Celebrate Your Right to Shoes with the New-York Historical Society

Written by | Art & Design

All photos courtesy of the New York Historical Society

Footwear obsessives, rejoice: the New-York Historical Society just opened a high-stepping new exhibit called Walk This Way.

The exhibition showcases footwear from the Stuart Weitzman Collection of Historic Shoes — specifically 100 pairs from his private collection, which he assembled over three decades with his wife Jane Gershon Weitzman. You can find it in the Joyce B. Cowin Women’s History Gallery beginning Friday, April 20.

Walk This Way will surprise and delight visitors with its unexpected lens on women’s history through Stuart Weitzman’s unparalleled historic footwear collection,” says Dr. Louise Mirrer, president and CEO of the New-York Historical Society.

Walk This Way will provide viewers with perspectives on collection, consumption, presentation, and production. From personal mementos such as satin bridal slippers to beaded strapped evening shoes worn at ballroom dances, shoes of all stripes will be on display — even pairs dating back to 1800s, like a pair of pink silk embroidered boudoir shoes from 1847.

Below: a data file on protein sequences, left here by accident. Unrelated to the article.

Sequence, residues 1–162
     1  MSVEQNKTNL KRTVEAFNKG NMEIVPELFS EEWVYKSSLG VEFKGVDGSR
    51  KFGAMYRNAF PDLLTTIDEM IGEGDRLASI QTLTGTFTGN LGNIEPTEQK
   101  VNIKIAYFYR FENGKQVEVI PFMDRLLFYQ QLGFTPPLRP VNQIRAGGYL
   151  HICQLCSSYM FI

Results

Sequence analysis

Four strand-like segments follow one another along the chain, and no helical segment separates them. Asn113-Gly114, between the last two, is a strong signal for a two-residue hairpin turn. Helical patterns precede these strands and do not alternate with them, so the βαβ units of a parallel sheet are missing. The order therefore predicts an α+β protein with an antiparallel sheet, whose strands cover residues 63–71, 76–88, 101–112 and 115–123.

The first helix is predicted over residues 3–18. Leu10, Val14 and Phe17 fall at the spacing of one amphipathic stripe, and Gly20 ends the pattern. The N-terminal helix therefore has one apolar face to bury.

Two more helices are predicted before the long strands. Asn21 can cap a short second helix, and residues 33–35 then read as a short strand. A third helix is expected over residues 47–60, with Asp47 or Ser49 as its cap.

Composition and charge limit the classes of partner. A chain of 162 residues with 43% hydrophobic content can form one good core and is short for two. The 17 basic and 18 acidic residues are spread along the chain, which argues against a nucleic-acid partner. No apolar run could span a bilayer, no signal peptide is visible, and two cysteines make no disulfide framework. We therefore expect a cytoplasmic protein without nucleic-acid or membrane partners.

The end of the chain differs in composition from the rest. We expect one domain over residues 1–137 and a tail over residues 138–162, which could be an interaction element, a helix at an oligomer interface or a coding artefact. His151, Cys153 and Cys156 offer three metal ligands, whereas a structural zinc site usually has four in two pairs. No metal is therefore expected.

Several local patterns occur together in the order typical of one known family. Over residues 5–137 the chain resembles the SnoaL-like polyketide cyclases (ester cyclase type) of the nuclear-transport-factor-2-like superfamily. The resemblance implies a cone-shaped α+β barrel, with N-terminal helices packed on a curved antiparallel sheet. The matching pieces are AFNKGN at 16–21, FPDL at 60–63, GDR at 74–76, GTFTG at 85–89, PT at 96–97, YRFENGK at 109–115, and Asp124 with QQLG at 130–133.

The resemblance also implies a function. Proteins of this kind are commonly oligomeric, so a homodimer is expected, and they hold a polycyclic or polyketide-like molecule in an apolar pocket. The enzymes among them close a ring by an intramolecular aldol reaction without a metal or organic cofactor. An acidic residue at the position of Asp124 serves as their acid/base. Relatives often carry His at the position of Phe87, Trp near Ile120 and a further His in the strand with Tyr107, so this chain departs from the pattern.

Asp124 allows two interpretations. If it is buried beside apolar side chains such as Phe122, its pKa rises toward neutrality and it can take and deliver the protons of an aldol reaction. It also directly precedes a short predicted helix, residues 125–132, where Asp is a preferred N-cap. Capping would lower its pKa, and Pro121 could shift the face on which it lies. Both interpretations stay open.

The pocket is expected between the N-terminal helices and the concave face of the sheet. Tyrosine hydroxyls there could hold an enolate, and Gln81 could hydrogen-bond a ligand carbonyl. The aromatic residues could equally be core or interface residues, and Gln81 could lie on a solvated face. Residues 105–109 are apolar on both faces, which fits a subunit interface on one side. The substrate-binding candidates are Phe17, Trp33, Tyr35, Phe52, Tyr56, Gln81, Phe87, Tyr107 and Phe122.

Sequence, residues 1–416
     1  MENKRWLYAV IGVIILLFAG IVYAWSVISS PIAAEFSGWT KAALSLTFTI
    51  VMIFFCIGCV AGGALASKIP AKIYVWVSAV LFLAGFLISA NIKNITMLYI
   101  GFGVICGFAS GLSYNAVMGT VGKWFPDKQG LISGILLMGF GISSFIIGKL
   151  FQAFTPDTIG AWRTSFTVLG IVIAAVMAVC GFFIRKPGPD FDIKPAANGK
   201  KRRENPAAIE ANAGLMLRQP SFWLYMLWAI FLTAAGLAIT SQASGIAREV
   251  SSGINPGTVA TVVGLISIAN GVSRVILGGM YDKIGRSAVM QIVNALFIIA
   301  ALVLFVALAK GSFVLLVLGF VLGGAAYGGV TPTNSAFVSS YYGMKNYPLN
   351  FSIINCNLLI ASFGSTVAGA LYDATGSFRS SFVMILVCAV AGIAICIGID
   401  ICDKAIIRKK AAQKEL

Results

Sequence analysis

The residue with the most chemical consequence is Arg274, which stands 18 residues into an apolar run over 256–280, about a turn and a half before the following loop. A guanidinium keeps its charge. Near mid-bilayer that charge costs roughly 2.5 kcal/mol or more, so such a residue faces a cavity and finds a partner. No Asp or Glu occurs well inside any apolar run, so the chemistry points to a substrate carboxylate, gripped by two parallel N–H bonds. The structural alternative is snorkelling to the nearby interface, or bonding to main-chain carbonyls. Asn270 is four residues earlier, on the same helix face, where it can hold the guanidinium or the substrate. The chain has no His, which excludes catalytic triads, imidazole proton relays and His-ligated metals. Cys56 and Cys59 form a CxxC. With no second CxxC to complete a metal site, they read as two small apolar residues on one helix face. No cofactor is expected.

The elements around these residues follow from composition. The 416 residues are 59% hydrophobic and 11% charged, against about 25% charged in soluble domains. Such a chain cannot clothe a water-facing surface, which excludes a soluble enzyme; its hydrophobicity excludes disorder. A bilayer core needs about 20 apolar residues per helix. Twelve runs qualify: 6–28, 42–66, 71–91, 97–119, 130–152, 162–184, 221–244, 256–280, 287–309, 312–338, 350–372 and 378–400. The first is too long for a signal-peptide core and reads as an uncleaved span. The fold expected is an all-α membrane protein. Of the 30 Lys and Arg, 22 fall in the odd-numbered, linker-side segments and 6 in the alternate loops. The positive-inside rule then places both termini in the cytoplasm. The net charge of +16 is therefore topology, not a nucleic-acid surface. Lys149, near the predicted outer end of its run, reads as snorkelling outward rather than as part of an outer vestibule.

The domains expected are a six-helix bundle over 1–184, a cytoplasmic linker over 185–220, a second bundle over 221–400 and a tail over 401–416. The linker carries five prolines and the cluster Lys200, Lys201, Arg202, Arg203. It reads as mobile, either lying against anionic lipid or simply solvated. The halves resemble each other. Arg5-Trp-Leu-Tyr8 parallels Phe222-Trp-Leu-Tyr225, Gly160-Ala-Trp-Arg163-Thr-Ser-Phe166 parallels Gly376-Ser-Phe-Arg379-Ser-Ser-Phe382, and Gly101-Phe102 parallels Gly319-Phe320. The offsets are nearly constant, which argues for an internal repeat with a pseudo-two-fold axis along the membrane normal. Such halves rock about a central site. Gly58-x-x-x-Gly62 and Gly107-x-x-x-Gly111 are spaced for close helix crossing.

“Shoes on view range from designs to be worn in the privacy of a woman’s home, shoes that American suffragists wore as they marched through city streets, ‘sexy’ heels that reflected changing norms of female aesthetics, and professional shoes suitable for the increasing numbers of women in the workforce. We are thrilled to be able to offer the public this unique opportunity to explore the private collection of a collector extraordinaire who is also America’s top shoe designer,” Mirrer added.

Walk This Way also provides a walkthrough of the shoemaking process and how women in the shoemaking workforce — in addition to the rise in department store popularity at the turn of the 20th century — made history in 1904 when the Boot & Shoe Workers Union constitution called for “uniform wages for the same class of work, regardless of sex.”

The exhibition is slated to strut its stuff through October.  Learn more by visiting the New-York Historical Society.

Last modified: July 9, 2018